Some of the world’s most distinctive buildings use untraditional roofing systems to keep the elements at bay. Instead of a traditional rigid structure, they rely on an underlying skeleton topped by a lightweight, flexible membrane made of fiberglass with a coating of polytetrafluoroethylene (PTFE). The resulting designs are delicate and airy, but their appearance is deceptive: they’re rugged enough for decades of use in harsh conditions. They are also visually stunning, as evidenced by iconic buildings. Why do architects choose a structural membrane instead of a conventional roof? Here are some of the principal reasons, drawing from the Sigma product line to illustrate the points discussed.
A membrane structure lets the architect combine distinctive and elegant forms into a unique structure, combining a variety of panel shapes into endless geometric configurations to address complex aesthetic and functional challenges. Compared to a traditional roof, the membrane is lightweight and requires a lighter support structure, which translates into fewer columns and longer spans. The options for the underlying structure include tensile or tensegrity configurations: a grid shell, a frame or a cable net, among others. An alternative approach uses air pressure to maintain the shape of the membrane, resulting in a design that is economical to build, operate and maintain.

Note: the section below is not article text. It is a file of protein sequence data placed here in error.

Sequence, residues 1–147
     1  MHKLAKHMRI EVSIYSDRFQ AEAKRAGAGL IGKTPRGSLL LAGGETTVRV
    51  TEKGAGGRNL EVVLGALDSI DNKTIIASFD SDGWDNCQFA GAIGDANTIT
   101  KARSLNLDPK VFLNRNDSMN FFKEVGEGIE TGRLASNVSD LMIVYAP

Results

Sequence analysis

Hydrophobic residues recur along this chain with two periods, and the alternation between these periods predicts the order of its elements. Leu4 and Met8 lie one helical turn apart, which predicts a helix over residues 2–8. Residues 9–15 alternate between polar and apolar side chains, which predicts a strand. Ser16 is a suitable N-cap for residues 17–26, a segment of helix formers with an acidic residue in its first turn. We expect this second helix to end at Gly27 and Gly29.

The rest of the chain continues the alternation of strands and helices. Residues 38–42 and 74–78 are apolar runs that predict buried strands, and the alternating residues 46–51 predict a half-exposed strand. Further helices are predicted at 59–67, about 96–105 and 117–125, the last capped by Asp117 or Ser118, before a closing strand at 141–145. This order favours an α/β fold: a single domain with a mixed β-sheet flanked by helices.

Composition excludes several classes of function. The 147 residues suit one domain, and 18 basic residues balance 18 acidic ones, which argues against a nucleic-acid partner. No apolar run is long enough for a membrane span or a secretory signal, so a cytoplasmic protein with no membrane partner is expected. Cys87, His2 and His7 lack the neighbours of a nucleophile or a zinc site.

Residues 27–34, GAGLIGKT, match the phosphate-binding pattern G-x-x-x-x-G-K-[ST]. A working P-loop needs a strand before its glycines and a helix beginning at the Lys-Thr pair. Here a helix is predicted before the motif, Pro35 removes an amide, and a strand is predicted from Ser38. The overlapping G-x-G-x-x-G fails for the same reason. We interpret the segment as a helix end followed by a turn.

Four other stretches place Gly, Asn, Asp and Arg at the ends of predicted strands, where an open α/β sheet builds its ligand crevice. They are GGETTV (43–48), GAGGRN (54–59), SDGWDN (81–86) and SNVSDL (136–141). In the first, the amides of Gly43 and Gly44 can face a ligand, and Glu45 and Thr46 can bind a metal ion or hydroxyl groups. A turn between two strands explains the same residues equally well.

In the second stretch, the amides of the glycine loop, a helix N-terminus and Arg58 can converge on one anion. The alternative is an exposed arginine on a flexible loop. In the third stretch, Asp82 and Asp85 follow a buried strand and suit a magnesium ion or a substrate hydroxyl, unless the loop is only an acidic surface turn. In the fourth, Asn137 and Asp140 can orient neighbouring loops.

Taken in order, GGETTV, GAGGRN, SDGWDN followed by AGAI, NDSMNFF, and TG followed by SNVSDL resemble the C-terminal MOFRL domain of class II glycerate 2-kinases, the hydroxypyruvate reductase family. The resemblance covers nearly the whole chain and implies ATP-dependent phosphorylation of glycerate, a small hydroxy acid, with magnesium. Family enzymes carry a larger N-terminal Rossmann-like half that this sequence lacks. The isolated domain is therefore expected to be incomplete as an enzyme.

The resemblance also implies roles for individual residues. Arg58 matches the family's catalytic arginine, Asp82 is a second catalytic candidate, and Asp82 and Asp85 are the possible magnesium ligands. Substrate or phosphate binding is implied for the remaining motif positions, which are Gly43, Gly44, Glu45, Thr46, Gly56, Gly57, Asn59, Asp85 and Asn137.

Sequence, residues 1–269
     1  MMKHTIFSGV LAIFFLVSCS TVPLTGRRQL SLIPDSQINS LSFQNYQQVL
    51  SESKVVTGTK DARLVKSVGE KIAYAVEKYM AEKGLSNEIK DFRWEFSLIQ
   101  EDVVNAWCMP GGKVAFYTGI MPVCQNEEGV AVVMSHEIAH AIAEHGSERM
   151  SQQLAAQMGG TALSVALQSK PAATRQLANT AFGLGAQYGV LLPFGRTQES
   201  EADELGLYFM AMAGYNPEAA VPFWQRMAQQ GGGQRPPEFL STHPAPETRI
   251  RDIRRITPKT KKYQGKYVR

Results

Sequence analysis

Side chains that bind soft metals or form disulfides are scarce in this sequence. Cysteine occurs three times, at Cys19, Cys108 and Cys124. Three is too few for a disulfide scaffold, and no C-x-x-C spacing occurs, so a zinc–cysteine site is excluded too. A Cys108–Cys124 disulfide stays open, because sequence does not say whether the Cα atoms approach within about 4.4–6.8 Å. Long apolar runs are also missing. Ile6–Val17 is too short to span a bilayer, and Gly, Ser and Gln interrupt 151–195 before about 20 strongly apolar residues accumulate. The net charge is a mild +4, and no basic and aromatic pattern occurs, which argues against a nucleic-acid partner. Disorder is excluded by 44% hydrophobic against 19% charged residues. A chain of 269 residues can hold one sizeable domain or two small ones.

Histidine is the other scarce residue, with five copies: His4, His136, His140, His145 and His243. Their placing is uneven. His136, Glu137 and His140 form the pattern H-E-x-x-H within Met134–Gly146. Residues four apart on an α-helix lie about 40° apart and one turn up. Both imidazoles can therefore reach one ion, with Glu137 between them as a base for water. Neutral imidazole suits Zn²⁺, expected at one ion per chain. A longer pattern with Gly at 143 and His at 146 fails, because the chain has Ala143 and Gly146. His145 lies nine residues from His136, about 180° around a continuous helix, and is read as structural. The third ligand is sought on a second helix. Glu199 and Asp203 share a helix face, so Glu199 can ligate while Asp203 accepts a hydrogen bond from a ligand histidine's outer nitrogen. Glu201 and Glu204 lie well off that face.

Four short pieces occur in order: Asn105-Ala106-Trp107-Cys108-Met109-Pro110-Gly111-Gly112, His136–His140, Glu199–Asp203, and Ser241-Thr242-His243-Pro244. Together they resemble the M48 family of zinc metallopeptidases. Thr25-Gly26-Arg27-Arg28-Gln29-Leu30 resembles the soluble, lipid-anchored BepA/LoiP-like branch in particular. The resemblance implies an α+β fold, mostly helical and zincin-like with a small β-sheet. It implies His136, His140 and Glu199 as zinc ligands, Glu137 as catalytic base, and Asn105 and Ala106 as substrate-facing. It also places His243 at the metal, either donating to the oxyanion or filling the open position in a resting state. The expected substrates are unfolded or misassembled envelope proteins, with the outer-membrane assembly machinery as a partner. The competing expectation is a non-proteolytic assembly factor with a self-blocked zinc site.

A membrane can include a titanium dioxide (TiO2) photocatalytic topcoat with self-cleaning and air purifying properties, such as Sigma’s EverClean. This coating combines with the sun’s ultraviolet (UV) radiation to produce hydroxy radicals and superoxide radicals that oxidize (decompose) all organic substances. The residues are washed away by rain. In addition, the EverClean coating decomposes two atmospheric pollutants, nitrogen oxide (NOx) and sulfur dioxide (SO2). These pollutants, contained in exhaust gas and smoke, are major contributors to ozone and acid rain. The reduction process releases nitrate ions that are washed away into the soil to help in plant fertilization.
A PTFE surface has very low surface tension, making it stain-resistant. Rain or a water spray easily removes accumulated dirt and dust. The membrane’s easy-to-clean surface requires very little, if any, maintenance during its lifetime and will never need painting.